It’s the heart of the panto season, so time for an exploration of the form…
British pantomime grew into a distinctive form of entertainment – and no longer a form of mime – with a lot of influences (notably the Commedia Dell’Arte). From its ancestors, it inherited the basic theme of a battle of good and evil, and also a set of stock characters – but, of course, with inheritance comes mutation; the forms evolved.
The battle is (usually) at two levels: the struggle between immortal or supernatural characters, purer representations of good and evil, is played-out through their human proxies.
The palette of the evil immortals runs through demons, witches and sorcerers through to ogres and the like, whereas the idea of their counterparts has (generally) coalesced around the good fairy. (The Arabian tales bring the genie into the supernatural pantheon. However, genies are a bit ambivalent – they are capable of being good or bad).
The mortals are a more varied bunch, but the following are the common types:
The Heroine: the female romantic lead, otherwise known as the Principle Girl; young, sweet and innocent
The Hero: the Principal Boy – so the male romantic lead role, but frequently played by a young woman. The tradition of female Principal Boys comes from the 19th century, a time when the female form tended to be well-concealed by voluminous dresses. Theatre managers found that they could show off the occasional shapely leg by casting a woman as the principal boy and cladding her in tight-fitting breeches – hence the reference to this role as the breeches boy.
The Clown: a sympathetic role, one of the good guys. Whilst this role has evolved from clowning, panto writer Damian Trasler refers to it as the “comedy link man”: typically someone who jokes and talks directly to the audience and provides continuity between the different phases of the action.
The Dame: a middle-aged woman – often the mother of the hero or heroine – generally played by a man. Whilst cross-dressing is involved, this isn’t a conventional drag act. Whilst the dame may think that she is attractive and alluring, the audience is unlikely to think so – it’s playing the matriarch as a figure of fun. Again, this is usually a role that breaks the fourth wall and talks directly to the audience.
The Skin Character: two people dressed as a horse, a cow or a camel, or, occasionally, one person playing a cat. Usually on the side of the good guys and played for comic effect.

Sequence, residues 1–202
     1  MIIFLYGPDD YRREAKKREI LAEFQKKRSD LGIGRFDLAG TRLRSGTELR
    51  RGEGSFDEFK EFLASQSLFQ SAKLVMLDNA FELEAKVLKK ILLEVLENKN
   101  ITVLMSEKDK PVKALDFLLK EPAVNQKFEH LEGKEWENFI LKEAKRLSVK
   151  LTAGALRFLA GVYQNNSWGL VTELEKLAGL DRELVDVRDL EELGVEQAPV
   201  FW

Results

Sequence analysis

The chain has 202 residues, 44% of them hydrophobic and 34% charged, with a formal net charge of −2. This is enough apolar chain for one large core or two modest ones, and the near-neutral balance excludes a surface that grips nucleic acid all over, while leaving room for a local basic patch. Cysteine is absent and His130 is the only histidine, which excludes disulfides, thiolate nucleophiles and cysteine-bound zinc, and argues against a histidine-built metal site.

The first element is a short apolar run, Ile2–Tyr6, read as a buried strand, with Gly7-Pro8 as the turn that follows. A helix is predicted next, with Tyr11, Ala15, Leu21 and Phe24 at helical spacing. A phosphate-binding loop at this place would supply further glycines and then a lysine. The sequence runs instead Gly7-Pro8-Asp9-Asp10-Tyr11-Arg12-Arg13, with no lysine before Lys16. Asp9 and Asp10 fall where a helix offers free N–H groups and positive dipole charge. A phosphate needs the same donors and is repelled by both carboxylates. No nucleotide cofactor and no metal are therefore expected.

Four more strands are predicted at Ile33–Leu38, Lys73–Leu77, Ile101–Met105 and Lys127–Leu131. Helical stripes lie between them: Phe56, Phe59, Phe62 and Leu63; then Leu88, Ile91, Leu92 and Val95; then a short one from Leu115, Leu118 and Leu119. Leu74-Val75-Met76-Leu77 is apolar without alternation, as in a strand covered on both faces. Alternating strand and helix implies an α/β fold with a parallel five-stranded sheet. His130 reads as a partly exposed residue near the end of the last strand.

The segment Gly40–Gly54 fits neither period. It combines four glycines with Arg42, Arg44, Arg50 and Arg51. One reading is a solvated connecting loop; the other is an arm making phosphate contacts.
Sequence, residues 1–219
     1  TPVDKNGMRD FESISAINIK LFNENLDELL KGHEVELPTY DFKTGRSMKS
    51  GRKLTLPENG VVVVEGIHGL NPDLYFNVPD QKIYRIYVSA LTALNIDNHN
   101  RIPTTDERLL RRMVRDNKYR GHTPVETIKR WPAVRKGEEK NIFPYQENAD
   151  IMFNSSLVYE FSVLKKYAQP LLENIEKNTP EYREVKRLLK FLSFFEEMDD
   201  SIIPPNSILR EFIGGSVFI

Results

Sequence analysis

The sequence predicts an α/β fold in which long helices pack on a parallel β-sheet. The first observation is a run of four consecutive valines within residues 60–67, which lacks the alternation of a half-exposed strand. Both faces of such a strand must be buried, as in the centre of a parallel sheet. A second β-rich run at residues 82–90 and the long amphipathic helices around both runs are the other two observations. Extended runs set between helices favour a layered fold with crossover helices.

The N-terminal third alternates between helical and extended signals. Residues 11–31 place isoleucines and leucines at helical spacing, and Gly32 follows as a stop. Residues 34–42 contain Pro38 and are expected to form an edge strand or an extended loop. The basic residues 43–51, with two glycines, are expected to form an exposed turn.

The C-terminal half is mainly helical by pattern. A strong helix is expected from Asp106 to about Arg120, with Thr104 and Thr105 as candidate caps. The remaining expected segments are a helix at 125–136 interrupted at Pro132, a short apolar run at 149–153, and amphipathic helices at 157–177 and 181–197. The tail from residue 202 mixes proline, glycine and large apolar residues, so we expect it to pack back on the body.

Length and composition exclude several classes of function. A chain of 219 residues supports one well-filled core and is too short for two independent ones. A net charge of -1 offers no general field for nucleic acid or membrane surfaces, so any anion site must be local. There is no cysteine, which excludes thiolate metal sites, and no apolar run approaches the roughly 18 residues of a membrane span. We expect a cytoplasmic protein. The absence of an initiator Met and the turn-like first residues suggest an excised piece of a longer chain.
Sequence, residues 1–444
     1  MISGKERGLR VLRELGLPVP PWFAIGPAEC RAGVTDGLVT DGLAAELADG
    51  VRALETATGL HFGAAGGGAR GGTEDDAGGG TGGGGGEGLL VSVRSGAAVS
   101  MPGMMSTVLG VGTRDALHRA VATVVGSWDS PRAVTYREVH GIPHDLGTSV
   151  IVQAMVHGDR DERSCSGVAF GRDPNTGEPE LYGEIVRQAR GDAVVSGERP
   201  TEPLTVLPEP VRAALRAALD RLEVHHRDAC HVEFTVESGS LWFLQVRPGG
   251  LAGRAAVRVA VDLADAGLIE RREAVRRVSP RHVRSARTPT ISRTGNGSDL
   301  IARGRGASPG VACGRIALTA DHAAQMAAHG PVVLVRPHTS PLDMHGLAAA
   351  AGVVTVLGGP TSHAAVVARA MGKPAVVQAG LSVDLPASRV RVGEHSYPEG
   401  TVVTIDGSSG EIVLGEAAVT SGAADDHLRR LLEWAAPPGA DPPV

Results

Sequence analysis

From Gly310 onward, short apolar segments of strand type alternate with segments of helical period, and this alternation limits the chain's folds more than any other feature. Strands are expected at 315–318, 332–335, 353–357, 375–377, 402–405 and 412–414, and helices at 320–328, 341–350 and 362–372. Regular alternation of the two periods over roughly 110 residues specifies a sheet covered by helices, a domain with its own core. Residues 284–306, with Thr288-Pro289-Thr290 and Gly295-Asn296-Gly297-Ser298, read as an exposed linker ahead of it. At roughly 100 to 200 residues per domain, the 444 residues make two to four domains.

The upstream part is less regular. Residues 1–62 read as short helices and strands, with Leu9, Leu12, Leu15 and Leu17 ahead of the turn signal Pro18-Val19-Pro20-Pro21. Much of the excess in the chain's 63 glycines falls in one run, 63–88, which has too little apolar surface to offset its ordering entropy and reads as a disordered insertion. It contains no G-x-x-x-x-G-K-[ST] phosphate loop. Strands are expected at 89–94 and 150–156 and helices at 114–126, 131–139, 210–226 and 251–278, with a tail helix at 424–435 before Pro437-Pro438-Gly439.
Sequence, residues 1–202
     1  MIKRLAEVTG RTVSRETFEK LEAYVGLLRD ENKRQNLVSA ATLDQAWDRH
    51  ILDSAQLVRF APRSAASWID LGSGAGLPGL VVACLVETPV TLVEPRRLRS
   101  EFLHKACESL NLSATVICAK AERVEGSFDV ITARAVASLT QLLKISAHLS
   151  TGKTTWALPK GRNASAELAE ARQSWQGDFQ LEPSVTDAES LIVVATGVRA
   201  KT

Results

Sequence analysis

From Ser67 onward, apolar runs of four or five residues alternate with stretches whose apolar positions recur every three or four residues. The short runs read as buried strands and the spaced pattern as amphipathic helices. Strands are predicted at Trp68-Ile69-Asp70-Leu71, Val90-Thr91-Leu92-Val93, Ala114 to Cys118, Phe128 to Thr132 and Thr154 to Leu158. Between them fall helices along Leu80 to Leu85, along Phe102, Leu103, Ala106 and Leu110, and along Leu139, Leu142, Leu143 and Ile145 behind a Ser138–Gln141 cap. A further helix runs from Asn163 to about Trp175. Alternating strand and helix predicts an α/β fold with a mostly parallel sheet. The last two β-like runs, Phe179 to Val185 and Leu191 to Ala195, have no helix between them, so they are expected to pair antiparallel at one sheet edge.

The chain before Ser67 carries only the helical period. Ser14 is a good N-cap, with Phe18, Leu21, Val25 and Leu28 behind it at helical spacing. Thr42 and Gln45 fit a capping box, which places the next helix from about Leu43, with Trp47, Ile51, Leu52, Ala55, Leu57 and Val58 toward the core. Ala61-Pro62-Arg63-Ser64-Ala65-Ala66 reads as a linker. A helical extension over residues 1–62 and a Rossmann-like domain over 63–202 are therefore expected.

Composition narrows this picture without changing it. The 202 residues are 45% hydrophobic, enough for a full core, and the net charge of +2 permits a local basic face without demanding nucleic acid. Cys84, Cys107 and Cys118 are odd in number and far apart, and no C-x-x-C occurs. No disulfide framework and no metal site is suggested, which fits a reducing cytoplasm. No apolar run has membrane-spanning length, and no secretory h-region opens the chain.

The Villain: frequently following the Victorian archetype of the Wicked Squire, familiar from melodrama. Greedy, selfish and vindictive.
The comedy duo: usually a pair of incompetent henchmen working for the villain. Frequently performing the knock-about physical comedy. Also known as the “broker’s men”.
Okay, now keep those stock characters in mind while we look at Cinderella.
The heroine’s there all right in the title role. Then we have Prince Charming in the role of hero (and fairly typical of the pantomime romantic lead in that he doesn’t actually do very much towards the plot). The comedy link-man takes the form of Buttons; household valet, slightly downtrodden, friend of Cinderella, definitely on the good side. There isn’t a major skin character, though we do have rats and mice turned into horses and footmen. Then what?
We’ve got the good immortal, in the form of Cinderella’s fairy godmother. There are versions of Cinderella with a corresponding wicked immortal, but really the story doesn’t need it – Cinderella has a back-story that has left her as the epitome of the put-upon poor relation; it doesn’t need a wicked immortal to put her there. There is sometimes a mortal villain – but it’s a female one, in the form of Cinderella’s cruel stepmother. (Again, this role doesn’t occur in all versions – sometimes the cruelty is left to Cinderella’s stepsisters.)
That brings us to the dame: we’ve got two dames in the form of Cinderella’s ugly sisters – but they’re not playing the good, middle-aged mother. They are self-interested and cruel – so on the bad side of the fence – but comically incompetent: we’ve got dames playing the role of the broker’s men.
The moral here (and every pantomime is, at its heart, a moral tale) is that the stock characters are not there because they have to be there; they are there to serve the needs of the story.